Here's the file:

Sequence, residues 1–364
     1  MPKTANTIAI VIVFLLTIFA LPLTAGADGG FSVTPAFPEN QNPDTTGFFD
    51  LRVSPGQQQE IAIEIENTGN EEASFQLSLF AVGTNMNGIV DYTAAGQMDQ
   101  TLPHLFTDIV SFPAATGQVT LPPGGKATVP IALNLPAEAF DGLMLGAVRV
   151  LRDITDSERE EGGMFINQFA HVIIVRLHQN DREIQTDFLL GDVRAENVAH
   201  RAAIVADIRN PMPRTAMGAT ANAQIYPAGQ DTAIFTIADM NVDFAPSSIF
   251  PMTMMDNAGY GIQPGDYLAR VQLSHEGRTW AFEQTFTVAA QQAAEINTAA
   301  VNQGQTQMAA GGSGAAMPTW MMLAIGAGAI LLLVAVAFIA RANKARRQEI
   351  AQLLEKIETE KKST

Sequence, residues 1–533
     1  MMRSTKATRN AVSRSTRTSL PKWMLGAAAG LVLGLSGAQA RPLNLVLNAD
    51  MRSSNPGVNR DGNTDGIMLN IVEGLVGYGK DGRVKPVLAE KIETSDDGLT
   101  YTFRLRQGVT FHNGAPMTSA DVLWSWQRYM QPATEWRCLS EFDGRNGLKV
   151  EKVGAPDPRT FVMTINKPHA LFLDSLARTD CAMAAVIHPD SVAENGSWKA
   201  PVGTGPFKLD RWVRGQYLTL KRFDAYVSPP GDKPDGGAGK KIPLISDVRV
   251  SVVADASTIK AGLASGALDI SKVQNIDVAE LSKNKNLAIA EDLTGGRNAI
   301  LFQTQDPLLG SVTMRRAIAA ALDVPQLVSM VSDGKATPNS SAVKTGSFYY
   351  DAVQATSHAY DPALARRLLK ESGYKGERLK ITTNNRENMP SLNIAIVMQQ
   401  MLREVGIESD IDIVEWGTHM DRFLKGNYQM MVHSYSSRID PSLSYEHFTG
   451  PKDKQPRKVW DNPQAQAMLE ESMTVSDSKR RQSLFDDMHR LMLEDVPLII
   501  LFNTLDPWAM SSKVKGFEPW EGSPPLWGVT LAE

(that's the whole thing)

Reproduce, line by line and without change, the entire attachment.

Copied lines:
Sequence, residues 1–364
     1  MPKTANTIAI VIVFLLTIFA LPLTAGADGG FSVTPAFPEN QNPDTTGFFD
    51  LRVSPGQQQE IAIEIENTGN EEASFQLSLF AVGTNMNGIV DYTAAGQMDQ
   101  TLPHLFTDIV SFPAATGQVT LPPGGKATVP IALNLPAEAF DGLMLGAVRV
   151  LRDITDSERE EGGMFINQFA HVIIVRLHQN DREIQTDFLL GDVRAENVAH
   201  RAAIVADIRN PMPRTAMGAT ANAQIYPAGQ DTAIFTIADM NVDFAPSSIF
   251  PMTMMDNAGY GIQPGDYLAR VQLSHEGRTW AFEQTFTVAA QQAAEINTAA
   301  VNQGQTQMAA GGSGAAMPTW MMLAIGAGAI LLLVAVAFIA RANKARRQEI
   351  AQLLEKIETE KKST

Sequence, residues 1–533
     1  MMRSTKATRN AVSRSTRTSL PKWMLGAAAG LVLGLSGAQA RPLNLVLNAD
    51  MRSSNPGVNR DGNTDGIMLN IVEGLVGYGK DGRVKPVLAE KIETSDDGLT
   101  YTFRLRQGVT FHNGAPMTSA DVLWSWQRYM QPATEWRCLS EFDGRNGLKV
   151  EKVGAPDPRT FVMTINKPHA LFLDSLARTD CAMAAVIHPD SVAENGSWKA
   201  PVGTGPFKLD RWVRGQYLTL KRFDAYVSPP GDKPDGGAGK KIPLISDVRV
   251  SVVADASTIK AGLASGALDI SKVQNIDVAE LSKNKNLAIA EDLTGGRNAI
   301  LFQTQDPLLG SVTMRRAIAA ALDVPQLVSM VSDGKATPNS SAVKTGSFYY
   351  DAVQATSHAY DPALARRLLK ESGYKGERLK ITTNNRENMP SLNIAIVMQQ
   401  MLREVGIESD IDIVEWGTHM DRFLKGNYQM MVHSYSSRID PSLSYEHFTG
   451  PKDKQPRKVW DNPQAQAMLE ESMTVSDSKR RQSLFDDMHR LMLEDVPLII
   501  LFNTLDPWAM SSKVKGFEPW EGSPPLWGVT LAE